ERP Gods of the Hyborian Age

by | August 9, 2018 | Project Management

Just as ERP systems have evolved over the years, so have our implementation practices. Agile principles have been combined with well trusted PMBOK (Project Management Body of Knowledge) processes and modern tools to create fail-safe best practices to accommodate virtually every contingency in what has become an ERP implementation Utopia. And yet there are lessons to be learned from ERP implementations of the past, even the most distant past.

Recent archeological excavations from Aquilonian sites, dating back to an age undreamed of, reveal some of the challenges faced by ancient ERP implementations. Thousands of years before the electronic age, ERP systems from the Hyborian Age were stone-based, with information imparted by the sizes of different piles of rocks with additional relational information carried in the color, size, and shape of the rock.  But I digress.

Excavations at the Gunderland site of the Aquilonian Empire have revealed an ancient temple that has been astonishingly well preserved over the centuries.  The temple was erected by the project priests of the province during the “Phoenix” project, an attempt to replace a failed “dirt-based” system with the more modern stone technology.  (Note: This is the earliest known reference to a “Phoenix” project, circa 50,000 BCE)

At the foundation of Hyborian religious belief was the idea that gods struggled against each other in dualities, each God locked in an eternal battle with another. Offering sacrifices to a God could strengthen them in their struggle, tipping the balance in their favor, if only temporarily. The gods below explain a few of these dualities:


Opposing God



God of User Acceptance God of the Status Quo
Hurdu believed all Gods that proceeded him where stupid.  He could only look forward and would turn to stone if he ever looked back. Ingloguk believed that all Gods that came after him were stupid.  He could only look backward and would turn to stone if he ever looked ahead.

To illustrate, a status meeting from the Phoenix project might have gone something like this:

Project Mason: “The users want the stones to be more like dirt.”

Project Priest: “Sacrifice a goat to Hurdu and tell them dirt will be available under the stones.”

Other God-pairs were locked in their own battles, including Shattuk and Visivlu, and the others below.



God of Clear Understanding Goddess of Miracles and Optimism, aka Goddess of the Happy Path Use Case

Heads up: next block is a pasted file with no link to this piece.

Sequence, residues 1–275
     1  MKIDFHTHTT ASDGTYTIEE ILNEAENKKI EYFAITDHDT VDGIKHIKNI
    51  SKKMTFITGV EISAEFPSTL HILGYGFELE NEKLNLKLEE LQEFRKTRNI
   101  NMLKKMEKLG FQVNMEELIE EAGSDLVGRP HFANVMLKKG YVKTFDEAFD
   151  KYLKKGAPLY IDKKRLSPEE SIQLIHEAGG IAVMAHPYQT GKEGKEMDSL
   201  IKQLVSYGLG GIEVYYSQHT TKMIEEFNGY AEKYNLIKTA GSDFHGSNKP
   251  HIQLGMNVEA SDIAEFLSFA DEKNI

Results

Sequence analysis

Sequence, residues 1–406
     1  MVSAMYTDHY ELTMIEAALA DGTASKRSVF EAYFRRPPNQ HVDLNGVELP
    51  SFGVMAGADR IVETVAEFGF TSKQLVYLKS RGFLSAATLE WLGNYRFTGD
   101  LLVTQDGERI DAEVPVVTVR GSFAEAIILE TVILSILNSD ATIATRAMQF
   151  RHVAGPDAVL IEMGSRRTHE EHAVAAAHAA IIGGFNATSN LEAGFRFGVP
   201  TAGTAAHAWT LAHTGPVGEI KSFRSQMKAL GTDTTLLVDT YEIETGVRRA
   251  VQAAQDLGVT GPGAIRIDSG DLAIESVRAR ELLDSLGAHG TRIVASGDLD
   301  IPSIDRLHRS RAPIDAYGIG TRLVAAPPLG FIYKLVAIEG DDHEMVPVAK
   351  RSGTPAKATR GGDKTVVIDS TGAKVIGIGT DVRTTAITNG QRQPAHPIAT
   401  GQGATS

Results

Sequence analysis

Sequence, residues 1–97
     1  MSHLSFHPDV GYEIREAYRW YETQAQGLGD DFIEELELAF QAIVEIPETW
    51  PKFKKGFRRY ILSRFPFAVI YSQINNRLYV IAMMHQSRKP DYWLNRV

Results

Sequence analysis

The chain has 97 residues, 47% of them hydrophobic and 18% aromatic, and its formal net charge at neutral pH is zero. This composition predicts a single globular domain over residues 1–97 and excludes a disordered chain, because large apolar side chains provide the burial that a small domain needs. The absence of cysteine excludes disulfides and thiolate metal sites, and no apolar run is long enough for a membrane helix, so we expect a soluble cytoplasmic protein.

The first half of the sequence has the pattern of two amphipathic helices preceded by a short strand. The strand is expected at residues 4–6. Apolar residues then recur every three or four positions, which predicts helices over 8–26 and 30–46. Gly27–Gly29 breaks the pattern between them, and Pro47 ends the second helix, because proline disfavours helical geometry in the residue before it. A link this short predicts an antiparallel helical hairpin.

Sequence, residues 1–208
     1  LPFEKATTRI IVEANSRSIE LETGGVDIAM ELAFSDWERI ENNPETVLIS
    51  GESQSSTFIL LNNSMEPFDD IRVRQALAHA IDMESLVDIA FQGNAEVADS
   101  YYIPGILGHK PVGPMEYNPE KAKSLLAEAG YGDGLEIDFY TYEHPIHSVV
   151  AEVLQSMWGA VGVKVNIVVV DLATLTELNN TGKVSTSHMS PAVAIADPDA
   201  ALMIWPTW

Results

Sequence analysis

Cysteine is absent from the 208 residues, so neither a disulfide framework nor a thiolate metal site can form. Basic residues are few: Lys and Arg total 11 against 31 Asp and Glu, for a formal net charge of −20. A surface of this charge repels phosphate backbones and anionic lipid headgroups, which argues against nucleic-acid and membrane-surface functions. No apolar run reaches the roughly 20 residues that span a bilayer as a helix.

Shattuk annoyed other Gods with his attention to detail, repetition of what everyone already knew, and exploration of contingencies. Developers worshipped Shattuk, but end-users found him tiresome. Visivlu was well liked by end-users and functional consultants for her optimistic nature, but despised by developers for her vague definition of exceptions.



Goddess of Scope Control God of Dreams
Elenchose measured project success in terms of the metrics of scope, schedule and budget. Elenchose was the treasurer of the realm beyond. Oneiro scoffed at the budget, and strove to provide anything that would make life easier for the users.  Oneiro measured project success in terms of the value the system provided and the happiness of the users.



Goddess of Perfection God of Chaos
Immaculum rejected anything that could be improved until everything she purveyed was perfect. Immaculum was known to team-up with Oneiro in battles against Elenchose and Neschatye. Neschatye took pride in how quickly he could get things done and how many things he had accomplished. Neschatye strove to please and was usually loved in the early stages of a project, but often rejected after go-live.

People of Hyborian times lived and worked in a world very different from our modern one, and we might be tempted to dismiss their beliefs as primitive and superstitious. And of course, you would be right to do so – we have come so far.  Yet, in the unlikely event that you find it hard to gain acceptance of a new system, or that your budget is creeping beyond its limits, you might want to reflect on the ERP Gods of the Hyborian age, and it might not hurt to have a goat handy.


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